JCPE - Junior Cycle Physical Education Support Service

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Athletics - Introduction PDF Print E-mail

OVERALL AIMS & OBJECTIVES

Aim

To provide the students with the opportunity to develop personally, socially and physically through participation in a variety of athletic activities in a safe and enjoyable environment.

Objectives

  • To provide opportunities for participation in running, jumping and throwing activities in a variety of contexts.
  • To enhance knowledge and understanding of athletic activities.
  • To encourage personal goal setting and an understanding and appreciation of the concept of fair play through enjoyable participation in athletic activities.
  • To develop a more advanced technique in specific activities.

 

TEACHER GUIDELINES

Safety

Throughout the athletics programme safety is of paramount importance. Environment, equipment, methodology, content and students’ level of expertise are all important factors in this area. In general, all athletic lessons must be ‘user friendly’ and involve the maximum number of students for the time allocated. Athletics is a sport in which a variety of running, jumping and throwing activities may be taking place at the same time. It is essential therefore, to maintain an awareness of this and to plan the layout of practices with this in mind. The safety of participants is the major concern.

  • All equipment should be kept in good repair and stored in a safe place.
  • All sessions should start with a warm up and finish with a cool down.
  • Outdoor running areas should be level and free of potholes, glass etc.
  • Students must wear appropriate footwear.

Safety Awareness for Throwing Activities

  • While learning and practising throwing activities can be exciting for the student, the teacher must be aware of the inherent potential dangers.
  • Discipline must be developed from the first lesson. Implements should be carried to and from the throwing area and not used outside of the session itself.
  • Implements must be chosen for lesson, of a weight and size appropriate to the strength, age and hand size of the participant.
  • Other students should be cautioned not to trespass into the throwing area.
  • It is essential that students not only throw on the orders of the teacher but also collect only on the orders of the teacher.
  • Each athlete must be taught to check to see that nobody is standing in the throwing area / sector before throwing. Athletes should be taught to spot for one another during the lesson.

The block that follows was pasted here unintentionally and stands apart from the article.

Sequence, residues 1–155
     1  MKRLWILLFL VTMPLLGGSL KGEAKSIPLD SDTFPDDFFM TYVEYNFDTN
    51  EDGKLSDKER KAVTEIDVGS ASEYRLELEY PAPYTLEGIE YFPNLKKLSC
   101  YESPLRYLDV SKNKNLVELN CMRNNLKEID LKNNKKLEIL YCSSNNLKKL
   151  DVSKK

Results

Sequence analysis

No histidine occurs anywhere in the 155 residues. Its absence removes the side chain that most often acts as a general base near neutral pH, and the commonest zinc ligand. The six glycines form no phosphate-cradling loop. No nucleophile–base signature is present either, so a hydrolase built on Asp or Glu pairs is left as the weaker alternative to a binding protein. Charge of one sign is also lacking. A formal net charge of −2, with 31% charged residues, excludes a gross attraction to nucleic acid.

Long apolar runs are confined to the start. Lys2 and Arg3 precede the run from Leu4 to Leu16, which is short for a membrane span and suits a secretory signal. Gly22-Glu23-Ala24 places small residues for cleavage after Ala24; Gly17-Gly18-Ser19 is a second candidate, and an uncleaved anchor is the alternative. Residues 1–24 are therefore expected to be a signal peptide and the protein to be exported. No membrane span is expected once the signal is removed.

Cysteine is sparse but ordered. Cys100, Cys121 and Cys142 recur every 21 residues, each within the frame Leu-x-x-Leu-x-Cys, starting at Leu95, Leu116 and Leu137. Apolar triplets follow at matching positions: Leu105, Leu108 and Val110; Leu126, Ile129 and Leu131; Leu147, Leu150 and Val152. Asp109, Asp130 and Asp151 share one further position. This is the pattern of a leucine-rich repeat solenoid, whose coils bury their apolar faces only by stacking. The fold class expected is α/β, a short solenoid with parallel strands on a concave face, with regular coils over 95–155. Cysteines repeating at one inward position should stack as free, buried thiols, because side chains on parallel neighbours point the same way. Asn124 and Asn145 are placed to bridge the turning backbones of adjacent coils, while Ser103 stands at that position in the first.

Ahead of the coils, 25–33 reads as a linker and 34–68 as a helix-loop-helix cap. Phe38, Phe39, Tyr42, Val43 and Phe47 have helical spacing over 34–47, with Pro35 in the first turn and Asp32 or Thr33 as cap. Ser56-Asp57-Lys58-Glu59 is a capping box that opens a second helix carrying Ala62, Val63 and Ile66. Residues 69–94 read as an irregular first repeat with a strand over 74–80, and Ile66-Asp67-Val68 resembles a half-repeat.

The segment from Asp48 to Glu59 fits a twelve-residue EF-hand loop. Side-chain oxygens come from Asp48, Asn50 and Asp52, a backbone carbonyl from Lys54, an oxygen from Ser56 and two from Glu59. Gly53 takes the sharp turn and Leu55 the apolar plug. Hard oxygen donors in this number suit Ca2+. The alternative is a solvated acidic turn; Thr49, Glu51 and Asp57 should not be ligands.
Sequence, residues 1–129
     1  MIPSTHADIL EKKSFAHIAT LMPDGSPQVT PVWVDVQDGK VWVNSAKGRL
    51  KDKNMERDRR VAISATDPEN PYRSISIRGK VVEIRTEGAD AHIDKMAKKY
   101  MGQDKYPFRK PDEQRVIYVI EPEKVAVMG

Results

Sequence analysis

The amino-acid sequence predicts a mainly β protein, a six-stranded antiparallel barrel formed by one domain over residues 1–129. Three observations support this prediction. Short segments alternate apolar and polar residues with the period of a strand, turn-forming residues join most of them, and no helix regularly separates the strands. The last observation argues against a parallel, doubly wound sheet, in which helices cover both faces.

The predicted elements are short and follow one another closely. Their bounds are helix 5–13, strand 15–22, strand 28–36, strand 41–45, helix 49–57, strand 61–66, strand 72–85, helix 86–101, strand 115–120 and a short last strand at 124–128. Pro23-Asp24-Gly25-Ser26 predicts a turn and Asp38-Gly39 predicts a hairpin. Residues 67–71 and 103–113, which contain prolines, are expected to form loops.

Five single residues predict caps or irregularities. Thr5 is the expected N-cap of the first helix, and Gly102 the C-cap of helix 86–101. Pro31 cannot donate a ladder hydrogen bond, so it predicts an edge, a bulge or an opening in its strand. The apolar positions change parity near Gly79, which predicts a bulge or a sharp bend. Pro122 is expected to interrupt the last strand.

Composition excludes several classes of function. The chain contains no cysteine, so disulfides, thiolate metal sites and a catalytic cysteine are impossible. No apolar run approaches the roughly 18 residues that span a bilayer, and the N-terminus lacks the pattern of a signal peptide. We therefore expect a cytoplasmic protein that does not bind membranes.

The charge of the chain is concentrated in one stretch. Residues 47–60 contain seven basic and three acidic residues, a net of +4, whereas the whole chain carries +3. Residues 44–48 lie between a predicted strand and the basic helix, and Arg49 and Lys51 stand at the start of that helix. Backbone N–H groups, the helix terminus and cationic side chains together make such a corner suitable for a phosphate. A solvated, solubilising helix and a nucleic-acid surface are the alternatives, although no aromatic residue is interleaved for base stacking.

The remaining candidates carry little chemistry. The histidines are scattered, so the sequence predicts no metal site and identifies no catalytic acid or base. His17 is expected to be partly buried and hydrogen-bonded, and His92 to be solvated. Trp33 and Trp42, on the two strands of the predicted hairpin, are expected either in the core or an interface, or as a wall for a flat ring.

• All those waiting to throw, spectators or bystanders must stand well clear of the throwing area.
  • Only when everybody has taken their throw should students be allowed to collect the implements from the throwing area.

Safety Awareness for Long Jump

  • Do not allow students jump into an undug pit.
  • The sand in the pit should be fine, well raked, level and a little wet to avoid dust.
  • It should be deep enough to avoid jarring on landing (minimum 30 - 40cm).
  • The sand should be clear of all debris (glass, stones, sticks, etc.).
  • The edges should be designed so the athlete will not get injured if they fall to the side/front.
  • The pit should be away from throwing areas.
  • Rakes and shovels should be positioned away from landing area.
  • The take-off board should be firmly fixed to the ground and be flush with the surface of the run-up.
  • The run-up should be firm, level and any depressions in ground (particularly near take off board) should be filled in.

Warm Up and Cool Down

It is suggested that all classes must start with a warm-up and end with a cool-down.

  • Build up gradually from small to greater efforts.
  • Start with whole body and progress to muscle groups most directly concerned with the activity.
  • Include stretching and mobility exercises as part of the warm-up.

General to Specific

It is suggested that all classes/blocks of work should go from the general to the specific.

Enjoyment

In each lesson the student should be exposed to fun/enjoyable activities through a variety of learning experiences. BALANCE Within every athletics lesson the teacher should endeavour to have a balance between a variety of physical activities and necessary teacher instruction / student discussion. The technical aspect of specific events should not dominate the lesson at the expense of student participation. METHODOLOGY While accepting that each teacher has his/her own method of teaching the various athletic activities it is suggested that cognisance be taken of the various teaching methodologies. In the units in the following section specific methodologies are suggested which include working in large/small groups; pairs; individual; teacher / student demonstrations; ‘Whole-part-Whole’ methods. The content of the lesson may dictate the methodology to be used within each lesson.

Last Updated on Thursday, 02 July 2009 12:15
 

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